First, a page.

I also think that the user experience in many industries has improved significantly. Forty years ago, trading stocks was highly manual and super difficult. Now it's simple, and everybody uses Robinhood or other platforms to day trade. We have not gotten a simplified user experience in healthcare. There's a ton of opportunity to improve that user experience, whether at the hospital, ER, private practices, in person, or online.

Jacqueline: What’s one thing that bugs you about the quality of our current system that patients shouldn't constantly deal with because it could and should be fixed by better tech?

Slava: Again, I think about the advancements of day trading—it's so easy now, and it's such a good user experience. We're decades away from that in healthcare.

Examples would be as simple as booking appointments. Filling out paperwork or accessing it. Then, dealing with insurance. Who's dealing with the insurance? Is it a patient, or is it a doctor? Dealing with the claims, the follow through—how do you know if it's completed or not? Getting a doctor to check in on you daily: Doctors are busy. The last thing they're doing is treating you like their family member and checking in on you every morning. But that should be how it is, right? Your health providers should be able to do that. And technology will provide that scale.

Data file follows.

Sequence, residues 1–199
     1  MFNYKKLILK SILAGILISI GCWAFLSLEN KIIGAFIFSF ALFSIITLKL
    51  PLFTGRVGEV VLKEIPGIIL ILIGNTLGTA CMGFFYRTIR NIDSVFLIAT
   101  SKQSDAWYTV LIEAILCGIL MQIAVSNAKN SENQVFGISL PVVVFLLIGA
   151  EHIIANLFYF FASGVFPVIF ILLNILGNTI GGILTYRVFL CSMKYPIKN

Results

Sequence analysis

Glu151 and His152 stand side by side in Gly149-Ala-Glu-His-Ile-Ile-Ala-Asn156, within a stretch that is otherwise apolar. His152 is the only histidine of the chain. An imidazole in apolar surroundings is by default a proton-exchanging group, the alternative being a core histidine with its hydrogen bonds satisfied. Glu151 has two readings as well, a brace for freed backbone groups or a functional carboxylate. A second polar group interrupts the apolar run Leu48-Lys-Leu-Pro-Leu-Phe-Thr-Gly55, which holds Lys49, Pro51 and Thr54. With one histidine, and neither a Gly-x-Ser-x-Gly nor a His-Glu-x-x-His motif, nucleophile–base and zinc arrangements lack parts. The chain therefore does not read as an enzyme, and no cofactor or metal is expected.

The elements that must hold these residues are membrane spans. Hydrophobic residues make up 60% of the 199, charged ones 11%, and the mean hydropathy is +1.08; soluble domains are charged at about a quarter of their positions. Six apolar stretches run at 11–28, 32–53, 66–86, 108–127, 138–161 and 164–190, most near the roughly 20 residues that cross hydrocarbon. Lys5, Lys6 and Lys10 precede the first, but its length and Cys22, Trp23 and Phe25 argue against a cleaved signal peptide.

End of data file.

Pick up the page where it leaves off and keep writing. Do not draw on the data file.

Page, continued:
Jacqueline: I would be happy to get bills within the same quarter. I got a bill from a 2022 doctor's visit last week.

Slava: Yeah, it's ridiculous.

Jacqueline: I feel like it shouldn't be legal for it to take a year and a half for a bill to go through your insurance to get to you.

Slava: Exactly. Dealing with insurance is so painful, right? And it shouldn't be. Technology should be solving that. Also, instead of rushing to ERs, I think technology will be able to triage the various efforts required to serve patients.